Residents Near Rocky Flats Fret Over Nuclear Leaks
Denver — OMAR JOSEPH of Arvada has enjoyed his view of the Rocky Mountains for more than 20 years. But he and other residents of Denver's northern suburbs are uneasy these days as investigations continue at the Rocky Flats nuclear weapons plant just down the street from Mr. Joseph's house. ``We're all concerned, naturally,'' Joseph says. ``But what are you going to do? You just hold your breath and hope for the best.''
Arvada, Broomfield and Westminster are Denver suburbs that surround the Rocky Flats plant, a government facility that makes the plutonium bombs used as triggers for much larger hydrogen weapons in the US arsenal.
Although public concerns over the potential for environmental mishaps at the plant had been voiced since its establishment in 1953, the most concrete evidence of such a problem came in early June when 75 FBI and Environmental Protection Agency (EPA) agents raided the plant. The raid was organized after rumors surfaced that the plant was generating thousands of pounds more hazardous and radioactive waste than its operators had admitted. Although owned by the US Department of Energy (DOE), the plant is operated under contract by Rockwell International Company.
The results of the raid have not been made public. Since it occurred, communities in the area have expressed sharp concern about contamination of their drinking water and even the air they breathe. The DOE has made assurances that, at present, water supplies in these areas are safe. But citizens are skeptical.
``We can't stand idly by and watch our brothers and sisters suffer in a militarized economy that makes women and children the biggest sufferers,'' said the Rev. Gilbert Horn, an area minister. The Rev. Mr. Horn was among several speaking out at a rally of more than 400 Denver area residents last week.
Colorado Gov. Roy Romer also is skeptical of the DOE assurances. He said he will not accept the DOE promise that the plant is adequately monitoring air and water conditions around the facility.
``I'm not relying on [DOE Secretary James Watkins's] word,'' said Governor Romer, who has taken independent action to verify radiation and toxicity. ``I knew we needed an independent, scientific panel to give us the best advice. The public in the state needs this - they don't know who to believe. We've got to reestablish credibility.''
The governor last month formed an independent, 13-member panel to report to him at least weekly results of ongoing monitoring of the plant, expanded since the June raid. Meanwhile, the DOE has just completed the second phase of an aerial survey to see if large amounts of radioactivity have escaped from the site.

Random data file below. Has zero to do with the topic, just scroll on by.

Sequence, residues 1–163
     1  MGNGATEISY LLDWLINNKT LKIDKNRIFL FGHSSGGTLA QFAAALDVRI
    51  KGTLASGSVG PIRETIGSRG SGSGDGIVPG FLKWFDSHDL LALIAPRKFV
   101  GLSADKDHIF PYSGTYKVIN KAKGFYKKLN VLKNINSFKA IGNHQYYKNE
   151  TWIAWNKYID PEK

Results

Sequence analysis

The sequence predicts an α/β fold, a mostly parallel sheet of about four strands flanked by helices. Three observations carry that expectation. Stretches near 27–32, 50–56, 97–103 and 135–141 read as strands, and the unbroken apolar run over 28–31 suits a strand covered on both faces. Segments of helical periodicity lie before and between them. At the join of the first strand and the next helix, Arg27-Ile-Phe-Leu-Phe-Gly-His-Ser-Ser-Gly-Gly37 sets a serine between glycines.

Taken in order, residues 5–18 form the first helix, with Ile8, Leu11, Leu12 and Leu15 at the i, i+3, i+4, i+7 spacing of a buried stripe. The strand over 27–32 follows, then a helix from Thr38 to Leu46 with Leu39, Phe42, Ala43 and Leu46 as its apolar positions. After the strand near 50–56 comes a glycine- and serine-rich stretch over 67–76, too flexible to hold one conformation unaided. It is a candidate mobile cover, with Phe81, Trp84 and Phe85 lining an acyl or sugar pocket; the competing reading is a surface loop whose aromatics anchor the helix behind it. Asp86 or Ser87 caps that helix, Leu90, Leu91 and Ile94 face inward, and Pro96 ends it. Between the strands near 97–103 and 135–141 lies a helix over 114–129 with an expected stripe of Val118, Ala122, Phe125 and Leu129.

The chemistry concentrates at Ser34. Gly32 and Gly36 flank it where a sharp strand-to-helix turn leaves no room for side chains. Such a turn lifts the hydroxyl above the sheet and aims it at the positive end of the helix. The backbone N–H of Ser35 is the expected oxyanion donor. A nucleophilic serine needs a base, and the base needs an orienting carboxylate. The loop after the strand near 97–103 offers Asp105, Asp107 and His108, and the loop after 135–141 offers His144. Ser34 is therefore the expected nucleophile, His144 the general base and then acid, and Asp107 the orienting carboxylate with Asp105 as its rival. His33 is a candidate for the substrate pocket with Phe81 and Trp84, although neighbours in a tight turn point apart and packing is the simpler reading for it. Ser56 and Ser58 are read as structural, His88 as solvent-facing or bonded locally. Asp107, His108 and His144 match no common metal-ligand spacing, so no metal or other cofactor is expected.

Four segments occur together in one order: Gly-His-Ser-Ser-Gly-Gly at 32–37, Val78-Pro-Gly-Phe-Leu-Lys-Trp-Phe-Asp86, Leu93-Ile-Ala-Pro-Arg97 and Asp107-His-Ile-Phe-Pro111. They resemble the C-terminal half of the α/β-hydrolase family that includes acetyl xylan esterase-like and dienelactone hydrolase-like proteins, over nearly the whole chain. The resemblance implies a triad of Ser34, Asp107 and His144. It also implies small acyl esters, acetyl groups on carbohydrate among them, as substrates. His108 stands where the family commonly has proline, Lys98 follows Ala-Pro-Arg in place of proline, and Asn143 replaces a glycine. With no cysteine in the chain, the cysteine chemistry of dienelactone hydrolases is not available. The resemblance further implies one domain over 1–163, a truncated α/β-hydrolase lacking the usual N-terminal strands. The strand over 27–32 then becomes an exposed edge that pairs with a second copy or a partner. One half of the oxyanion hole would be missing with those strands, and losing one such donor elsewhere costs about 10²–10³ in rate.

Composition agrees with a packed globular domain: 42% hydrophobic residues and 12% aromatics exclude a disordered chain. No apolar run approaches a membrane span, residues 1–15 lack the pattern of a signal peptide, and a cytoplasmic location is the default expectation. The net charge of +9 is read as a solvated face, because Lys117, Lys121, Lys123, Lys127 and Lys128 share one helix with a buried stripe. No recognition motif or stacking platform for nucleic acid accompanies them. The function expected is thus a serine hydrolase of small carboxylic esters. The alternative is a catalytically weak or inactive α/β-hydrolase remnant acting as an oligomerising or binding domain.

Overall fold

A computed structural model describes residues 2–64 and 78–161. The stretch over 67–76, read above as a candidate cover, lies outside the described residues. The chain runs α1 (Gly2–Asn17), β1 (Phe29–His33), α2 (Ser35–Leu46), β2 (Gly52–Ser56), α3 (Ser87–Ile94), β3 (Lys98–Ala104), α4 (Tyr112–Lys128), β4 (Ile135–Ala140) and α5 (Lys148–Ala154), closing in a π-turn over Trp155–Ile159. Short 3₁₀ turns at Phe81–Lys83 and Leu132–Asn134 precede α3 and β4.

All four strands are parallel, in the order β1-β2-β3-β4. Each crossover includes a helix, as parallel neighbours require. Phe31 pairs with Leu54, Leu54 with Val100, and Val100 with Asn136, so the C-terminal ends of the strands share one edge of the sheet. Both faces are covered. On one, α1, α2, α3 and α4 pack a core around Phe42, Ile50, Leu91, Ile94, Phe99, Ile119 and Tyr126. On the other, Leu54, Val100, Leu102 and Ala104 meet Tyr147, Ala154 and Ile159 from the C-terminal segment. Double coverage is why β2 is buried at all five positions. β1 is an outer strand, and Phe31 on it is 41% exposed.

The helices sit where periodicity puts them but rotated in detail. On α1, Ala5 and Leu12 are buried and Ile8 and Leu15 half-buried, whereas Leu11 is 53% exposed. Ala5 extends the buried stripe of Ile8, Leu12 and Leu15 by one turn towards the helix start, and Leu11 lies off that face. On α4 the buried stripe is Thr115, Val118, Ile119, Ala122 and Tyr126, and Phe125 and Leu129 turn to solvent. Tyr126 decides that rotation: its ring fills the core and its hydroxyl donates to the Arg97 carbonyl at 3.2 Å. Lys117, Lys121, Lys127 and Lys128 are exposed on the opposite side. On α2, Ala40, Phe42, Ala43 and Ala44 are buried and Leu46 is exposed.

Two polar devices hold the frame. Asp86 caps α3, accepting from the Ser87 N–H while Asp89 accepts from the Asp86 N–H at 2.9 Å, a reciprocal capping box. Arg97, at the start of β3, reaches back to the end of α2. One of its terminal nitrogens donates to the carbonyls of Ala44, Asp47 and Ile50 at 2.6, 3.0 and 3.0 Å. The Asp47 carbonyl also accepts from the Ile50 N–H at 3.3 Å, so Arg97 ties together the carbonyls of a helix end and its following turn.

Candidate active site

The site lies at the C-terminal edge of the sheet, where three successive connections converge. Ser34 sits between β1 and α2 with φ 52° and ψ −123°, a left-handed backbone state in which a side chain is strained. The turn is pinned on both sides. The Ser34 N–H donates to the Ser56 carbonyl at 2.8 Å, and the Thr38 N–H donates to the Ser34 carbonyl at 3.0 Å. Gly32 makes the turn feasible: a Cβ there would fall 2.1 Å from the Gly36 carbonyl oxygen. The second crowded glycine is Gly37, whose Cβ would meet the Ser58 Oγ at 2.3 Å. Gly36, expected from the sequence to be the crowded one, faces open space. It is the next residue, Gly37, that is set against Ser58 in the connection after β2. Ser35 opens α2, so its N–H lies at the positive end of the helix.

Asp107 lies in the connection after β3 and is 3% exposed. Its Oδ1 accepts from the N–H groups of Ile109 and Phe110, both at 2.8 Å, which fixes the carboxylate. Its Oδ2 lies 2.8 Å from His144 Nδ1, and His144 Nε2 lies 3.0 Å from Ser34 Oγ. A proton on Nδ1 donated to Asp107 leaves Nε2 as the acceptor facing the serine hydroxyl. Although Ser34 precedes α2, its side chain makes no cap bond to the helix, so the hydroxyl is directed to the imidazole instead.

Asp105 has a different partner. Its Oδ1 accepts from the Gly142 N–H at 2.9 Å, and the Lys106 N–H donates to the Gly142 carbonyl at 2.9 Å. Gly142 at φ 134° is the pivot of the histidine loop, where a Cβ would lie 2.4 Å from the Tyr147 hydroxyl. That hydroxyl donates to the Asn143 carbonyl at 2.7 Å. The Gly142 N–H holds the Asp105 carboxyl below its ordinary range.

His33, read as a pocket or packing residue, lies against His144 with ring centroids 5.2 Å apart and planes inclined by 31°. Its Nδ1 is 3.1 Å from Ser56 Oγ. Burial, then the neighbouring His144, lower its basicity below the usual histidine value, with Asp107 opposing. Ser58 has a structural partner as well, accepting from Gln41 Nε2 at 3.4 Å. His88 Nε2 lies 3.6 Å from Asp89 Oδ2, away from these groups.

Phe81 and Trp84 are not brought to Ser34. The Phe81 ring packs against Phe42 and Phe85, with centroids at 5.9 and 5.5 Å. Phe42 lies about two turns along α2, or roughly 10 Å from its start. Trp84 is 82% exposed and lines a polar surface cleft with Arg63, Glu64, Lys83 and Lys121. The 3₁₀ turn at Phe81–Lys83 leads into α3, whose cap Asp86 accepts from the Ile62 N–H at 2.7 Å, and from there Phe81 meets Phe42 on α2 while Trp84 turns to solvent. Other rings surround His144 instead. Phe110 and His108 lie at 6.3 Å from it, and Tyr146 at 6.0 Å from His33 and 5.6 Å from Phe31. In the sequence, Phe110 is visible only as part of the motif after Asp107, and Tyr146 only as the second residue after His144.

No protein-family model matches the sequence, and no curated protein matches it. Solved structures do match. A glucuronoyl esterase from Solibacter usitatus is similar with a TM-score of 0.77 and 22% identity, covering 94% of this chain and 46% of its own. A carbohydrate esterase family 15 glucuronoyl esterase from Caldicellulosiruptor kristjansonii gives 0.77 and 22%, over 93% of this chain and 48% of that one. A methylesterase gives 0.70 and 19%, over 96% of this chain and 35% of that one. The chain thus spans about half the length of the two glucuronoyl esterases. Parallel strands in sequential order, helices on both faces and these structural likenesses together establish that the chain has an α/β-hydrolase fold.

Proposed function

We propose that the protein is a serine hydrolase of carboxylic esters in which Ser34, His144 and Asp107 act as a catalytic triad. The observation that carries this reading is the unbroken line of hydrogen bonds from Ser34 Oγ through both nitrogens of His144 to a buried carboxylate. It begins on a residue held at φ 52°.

But monitoring efforts by Romer and the DOE are not enough for some local environmental groups and Rocky Flats critics. The Rocky Flats Alliance, a coalition of 15 groups, has been waging a massive campaign to close the plant. On August 6, the group plans to encircle the plant with protesters.
``We do not know with certainty that the plant is safe,'' explains Joe Tempel, an alliance spokesman. ``Therefore, it should close until an independent authority can verify that public health is not at risk.''
Governor Romer, however, who has been open to the environmentalists' requests, reiterated that his powers are limited.
``That plant should operate only if it is safe and if it is clean for the environment, based upon standards that are acceptable,'' he said. ``If we can't show that, it's got to close.''
Some within Colorado's environmental community are backing the governor, who has gotten more state access to EPA and DOE findings as well as access for his newly-formed panel. The panel's findings will be open for review this month.
Surprisingly little mention has been made of the economic impact on the area should Rocky Flats be closed. The plant pumps about $600 million into the struggling Colorado economy each year, employing 6,000 workers at an average of $50,000 each.
But plant critics probably will not see a shutdown soon. The role of the facility in producing nuclear weapons is particularly important now because environmental concerns have forced DOE to close down reactors in South Carolina and Washington - both of which produced plutonium and other radioactive material. That makes Rocky Flats the only source of plutonium triggers.
Meanwhile, the controversy continues. A state grand jury investigation of the plant begins today.